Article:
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The Trump-Russia inquiry is now a criminal investigation

The Trump-Russia inquiry is now a criminal investigation

Members of the Trump White House might need to lawyer up.

A day after appointing former FBI Director Robert Mueller as special counsel in the investigation into possible collusion between Russia and Donald Trump’s presidential campaign, Deputy Attorney General Rod Rosenstein travelled to Capitol Hill to brief the entire Senate on the status of the investigation and what comes next.

The bipartisan consensus afterward is that the Trump-Russia investigation has taken on a new level of seriousness.

“It was a counterintelligence investigation before now. It seems to me now to be considered a criminal investigation,” said Republican Sen. Lindsey Graham of South Carolina.

Trump told reporters at the White House on Thursday that he believed the special counsel “hurts our country terribly, because it shows we’re a divided, mixed up, not unified country.” He also assured the audience at a separate event that, “believe me, there’s no collusion.” But at the same time, White House officials have been discussing bringing in additional legal counsel to deal with the growing probe, according to the New York Times.

Rosenstein also assured the senators that there would be no meddling or curtailing of the special counsel, even though the Department of Justice technically has the ability to do so.

“[Rosenstein] said over and over again that Mueller is going to draw the scope of this investigation, that Mueller is going to have the resources, that Mueller is not going to be interfered with by him or the Department of Justice,” said Democratic Sen. Dick Durbin.

Durbin and other Democrats complained, however, that Rosenstein refused to answer many of their questions and did so by citing the seriousness of the investigation. “I don’t know all the facts,” said Democratic Sen. Cory Booker but added that “it was good to hear from him directly and not through the media filter.”

There was also concern among the senators that this new phase of the investigation would lead to a shroud of secrecy leaving them and the public in the dark. “[O]ne of the big losers in this decision is the public,” Graham said and added that he worried lawmakers would have trouble getting responses to subpoenas delivered to potential witnesses or convincing them to testify in a public congressional hearing because they’d be more likely to plead the fifth to avoid incriminating themselves.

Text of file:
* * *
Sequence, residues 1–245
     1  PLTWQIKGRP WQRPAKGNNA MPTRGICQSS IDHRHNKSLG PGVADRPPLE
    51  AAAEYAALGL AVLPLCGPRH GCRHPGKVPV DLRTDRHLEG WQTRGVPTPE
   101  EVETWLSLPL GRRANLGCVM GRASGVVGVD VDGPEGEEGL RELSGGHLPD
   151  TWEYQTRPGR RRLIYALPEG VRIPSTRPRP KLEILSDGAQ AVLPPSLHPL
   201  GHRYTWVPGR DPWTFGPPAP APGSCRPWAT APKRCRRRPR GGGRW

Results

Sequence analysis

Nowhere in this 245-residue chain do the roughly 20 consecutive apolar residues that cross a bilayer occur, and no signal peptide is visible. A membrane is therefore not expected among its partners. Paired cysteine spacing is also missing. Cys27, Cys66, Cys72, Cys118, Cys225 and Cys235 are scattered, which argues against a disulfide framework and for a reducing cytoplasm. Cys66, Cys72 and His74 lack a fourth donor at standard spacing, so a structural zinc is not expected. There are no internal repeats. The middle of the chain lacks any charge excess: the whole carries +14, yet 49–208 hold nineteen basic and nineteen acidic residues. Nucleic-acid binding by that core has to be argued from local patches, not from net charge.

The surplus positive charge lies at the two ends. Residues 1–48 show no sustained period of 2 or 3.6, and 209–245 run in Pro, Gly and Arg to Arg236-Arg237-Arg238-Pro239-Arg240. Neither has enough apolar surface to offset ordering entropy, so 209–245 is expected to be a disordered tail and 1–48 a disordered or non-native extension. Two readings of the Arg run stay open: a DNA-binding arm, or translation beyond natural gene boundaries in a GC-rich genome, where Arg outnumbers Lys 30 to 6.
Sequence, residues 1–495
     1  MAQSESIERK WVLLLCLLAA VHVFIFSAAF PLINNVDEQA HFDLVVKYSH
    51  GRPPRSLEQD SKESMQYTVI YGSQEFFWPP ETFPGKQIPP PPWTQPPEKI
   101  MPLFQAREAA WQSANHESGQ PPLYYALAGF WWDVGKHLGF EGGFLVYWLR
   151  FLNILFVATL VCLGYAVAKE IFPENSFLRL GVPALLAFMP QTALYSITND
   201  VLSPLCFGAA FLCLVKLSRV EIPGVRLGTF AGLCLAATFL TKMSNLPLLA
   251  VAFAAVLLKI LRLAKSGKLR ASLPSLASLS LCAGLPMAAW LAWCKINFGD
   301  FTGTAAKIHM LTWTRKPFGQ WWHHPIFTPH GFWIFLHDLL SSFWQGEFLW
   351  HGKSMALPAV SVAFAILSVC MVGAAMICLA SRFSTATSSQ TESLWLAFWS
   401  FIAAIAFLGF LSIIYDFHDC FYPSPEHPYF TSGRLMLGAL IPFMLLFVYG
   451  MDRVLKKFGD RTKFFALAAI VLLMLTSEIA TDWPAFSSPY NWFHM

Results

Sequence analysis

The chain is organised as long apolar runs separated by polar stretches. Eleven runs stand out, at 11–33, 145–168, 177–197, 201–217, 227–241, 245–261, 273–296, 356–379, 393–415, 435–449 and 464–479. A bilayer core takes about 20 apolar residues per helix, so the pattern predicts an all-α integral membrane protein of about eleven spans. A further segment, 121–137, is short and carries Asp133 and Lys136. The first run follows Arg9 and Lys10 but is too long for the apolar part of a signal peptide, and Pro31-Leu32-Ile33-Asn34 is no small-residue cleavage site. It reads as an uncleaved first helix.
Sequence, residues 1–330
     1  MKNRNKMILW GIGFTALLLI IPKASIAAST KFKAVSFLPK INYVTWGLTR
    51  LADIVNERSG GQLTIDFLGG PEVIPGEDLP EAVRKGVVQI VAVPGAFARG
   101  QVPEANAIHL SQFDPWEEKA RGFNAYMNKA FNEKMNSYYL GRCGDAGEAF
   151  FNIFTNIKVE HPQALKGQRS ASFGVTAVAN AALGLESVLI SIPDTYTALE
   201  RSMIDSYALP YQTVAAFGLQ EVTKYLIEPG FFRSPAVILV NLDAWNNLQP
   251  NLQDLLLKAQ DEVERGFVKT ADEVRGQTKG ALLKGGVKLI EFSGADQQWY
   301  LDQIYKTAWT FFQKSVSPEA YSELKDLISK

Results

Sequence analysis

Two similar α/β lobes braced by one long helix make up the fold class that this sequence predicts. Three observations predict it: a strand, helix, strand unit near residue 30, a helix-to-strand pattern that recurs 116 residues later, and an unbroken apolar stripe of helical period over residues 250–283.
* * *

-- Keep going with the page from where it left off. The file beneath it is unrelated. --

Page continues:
In the meeting, Rosenstein also cast further doubt on the White House’s initial explanation for why Trump fired FBI Director James Comey on May 9. White House officials, including Vice President Mike Pence, initially said that Trump only fired Comey on Rosenstein’s recommendation — a contention supported by Trump’s signed termination letter to Comey, which cited Rosenstein’s memo as the rationale to dismiss the director.

But Trump almost immediately undermined that explanation in an interview with NBC News, saying, “Regardless of the recommendation I was going to fire Comey.” Trump muddled the waters further on Thursday, when he again cited Rosenstein’s memo as one of the reasons he fired Comey.

But Rosenstein contradicted the White House’s original explanation, according to some Democratic senators. “[Rosenstein] learned that Comey would be removed prior to him writing his memo,” Sen. Claire McCaskill of Missouri told reporters.

Others argued that Rosenstein was not so definitive on the timeline. “I’m not sure he addressed that with the level of clarity most people wanted,” Republican Sen. Marco Rubio of Florida said, echoing what’s become a common refrain in Washington these days.

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